Single Mom Slice of Life:
Is it wrong to laugh at a friend while they confided their woes to you? It probably is. Yeah, ok, it is.
But before you condemn me, let me explain.
Remember not all that long ago, I wrote about my frustrations with having a kid in high school? The begging, the pleading, the bribery, the threats… and my kid was pretty upset too. I asked for advice from friends, from therapists, I hired a life coach for him, I even went so far as to go to school with him.
There was one point where I had to accept the reality that my beautiful baby boy would be a professional slacker and living in my home long until I could support him with my social security checks. All of the sacrifices I made, all the lectures I gave, all the tears, drinking and desperation… how could I have worked so very hard to find out my kid has no ambition no drive, no sense of work ethic?
In the Hail Mary of all last minute miracles, and some very forgiving teachers with questionable scoring methods, my son graduated high school.
So I was both sympathetic and stunned when my friend called me one night to share with me the slow descent of her son from human to teenager. The more she spoke of her son’s lack of initiative, not turning homework in, teachers not returning calls, I was hearing my voice, my stories, my fears. When she asked me, “what do I do? How do I change this? When will he understand?” my response was simple.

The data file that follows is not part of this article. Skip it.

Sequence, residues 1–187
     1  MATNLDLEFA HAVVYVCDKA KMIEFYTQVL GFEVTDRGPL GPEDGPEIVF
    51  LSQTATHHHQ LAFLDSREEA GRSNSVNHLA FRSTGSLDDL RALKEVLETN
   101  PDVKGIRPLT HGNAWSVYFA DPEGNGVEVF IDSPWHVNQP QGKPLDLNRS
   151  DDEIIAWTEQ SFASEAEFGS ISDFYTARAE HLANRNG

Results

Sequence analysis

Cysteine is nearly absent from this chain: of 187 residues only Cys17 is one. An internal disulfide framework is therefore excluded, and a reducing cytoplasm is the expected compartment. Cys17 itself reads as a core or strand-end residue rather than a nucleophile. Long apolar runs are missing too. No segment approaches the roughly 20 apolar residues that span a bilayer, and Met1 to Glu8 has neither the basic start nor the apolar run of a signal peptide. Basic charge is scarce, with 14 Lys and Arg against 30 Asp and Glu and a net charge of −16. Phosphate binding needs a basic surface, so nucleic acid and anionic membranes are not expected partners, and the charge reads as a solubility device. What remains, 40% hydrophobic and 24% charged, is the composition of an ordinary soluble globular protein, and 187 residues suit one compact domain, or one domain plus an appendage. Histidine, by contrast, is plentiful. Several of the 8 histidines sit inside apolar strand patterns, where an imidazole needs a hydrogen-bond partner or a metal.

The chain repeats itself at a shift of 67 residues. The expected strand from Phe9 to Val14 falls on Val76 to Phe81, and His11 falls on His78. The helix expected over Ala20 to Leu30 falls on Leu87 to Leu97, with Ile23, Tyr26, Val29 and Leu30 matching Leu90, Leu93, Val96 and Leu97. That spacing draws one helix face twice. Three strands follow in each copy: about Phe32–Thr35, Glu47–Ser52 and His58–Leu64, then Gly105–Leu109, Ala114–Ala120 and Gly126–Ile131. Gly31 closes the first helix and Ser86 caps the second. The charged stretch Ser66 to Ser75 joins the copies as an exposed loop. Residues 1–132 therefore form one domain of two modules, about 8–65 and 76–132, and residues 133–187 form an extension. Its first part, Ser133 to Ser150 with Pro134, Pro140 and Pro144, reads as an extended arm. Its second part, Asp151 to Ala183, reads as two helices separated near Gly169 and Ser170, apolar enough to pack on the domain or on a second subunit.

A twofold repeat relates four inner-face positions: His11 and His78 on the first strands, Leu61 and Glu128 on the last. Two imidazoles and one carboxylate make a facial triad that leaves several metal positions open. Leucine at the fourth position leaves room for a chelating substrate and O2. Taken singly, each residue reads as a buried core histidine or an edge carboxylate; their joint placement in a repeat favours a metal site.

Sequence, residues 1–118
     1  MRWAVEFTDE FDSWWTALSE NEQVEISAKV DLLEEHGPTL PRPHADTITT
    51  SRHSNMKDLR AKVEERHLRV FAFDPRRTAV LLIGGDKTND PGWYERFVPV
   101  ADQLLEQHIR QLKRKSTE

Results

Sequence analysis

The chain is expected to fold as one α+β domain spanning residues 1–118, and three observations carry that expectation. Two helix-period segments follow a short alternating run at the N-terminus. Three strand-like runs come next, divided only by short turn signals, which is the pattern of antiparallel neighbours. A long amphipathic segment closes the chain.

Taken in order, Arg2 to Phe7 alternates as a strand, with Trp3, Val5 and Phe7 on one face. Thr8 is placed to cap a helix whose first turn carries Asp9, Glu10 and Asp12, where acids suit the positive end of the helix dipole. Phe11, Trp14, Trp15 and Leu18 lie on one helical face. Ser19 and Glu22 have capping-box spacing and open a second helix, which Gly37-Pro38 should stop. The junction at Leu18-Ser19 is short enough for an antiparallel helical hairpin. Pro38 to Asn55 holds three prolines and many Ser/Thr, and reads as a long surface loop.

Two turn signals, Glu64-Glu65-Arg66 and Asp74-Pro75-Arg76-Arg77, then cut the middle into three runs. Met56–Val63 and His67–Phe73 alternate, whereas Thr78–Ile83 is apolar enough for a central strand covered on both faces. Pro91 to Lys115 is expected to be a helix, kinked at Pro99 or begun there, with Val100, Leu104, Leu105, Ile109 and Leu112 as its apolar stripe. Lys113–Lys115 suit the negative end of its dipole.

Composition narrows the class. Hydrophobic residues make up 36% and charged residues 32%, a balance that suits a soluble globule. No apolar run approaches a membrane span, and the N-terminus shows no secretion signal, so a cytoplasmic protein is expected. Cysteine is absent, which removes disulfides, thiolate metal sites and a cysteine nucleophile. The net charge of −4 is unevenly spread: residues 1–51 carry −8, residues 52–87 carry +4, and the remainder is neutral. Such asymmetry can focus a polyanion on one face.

As much as I know she wants to, and she’ll try, and I’ll warn her, her son will continue on his own path until he – and he alone – decides to change his ways. I explained this to her. I let her know that I convinced myself that my friends, some of whom had kids and some who didn’t, truly didn’t understand. I shared with her how I helped my son, like a partner wounded in battle, carrying him through each class of each year. I confided in her how I wrote not one, but two reports for my son because I just couldn’t sit by and watch as he actively failed.
I admitted that by the end, I had given up. I had never felt more like a failure than when I shrugged my shoulders and let him know that if he didn’t care, I didn’t care and I had another kid that also needed my attention. I felt like I was leaving one behind to save the other… and in a way, I was.
In the end, Nick realized, accepted, and took ownership of the fact that this is his life. The friends he had then would not necessarily be his friends a year from now. He is now happy on his new path. In a few short months he will be moving to Iowa… a long far cry from the basement I was sure I would have to build so that he had a place to live with all his video games.
My friend, stranded in the eye of her own chaotic and emotional whirlwind, knows and accepts in her head what I’m saying is true. She was there and a witness for much of Nick’s high school career. In her heart, just like in my heart, she’s hurting, and helpless.
Nick and I saw a counselor once who said that humanity is the only species that fights the natural order of progression. In the animal world, as soon as the young are able to survive on their own – they’re on their own. Humans on the other hand are the only species that attempts to not only raise their young to survive on their own while fighting their ability to do it.
How crappy is that?
Ok, in honesty, I didn’t really laugh. But I did admit to finding humor in her story was because until that phone call, I was positive I had failed my son as a parent. Instead, I learned I’m just a human fighting the natural order of things. My son has found a path, and hers will too… in time.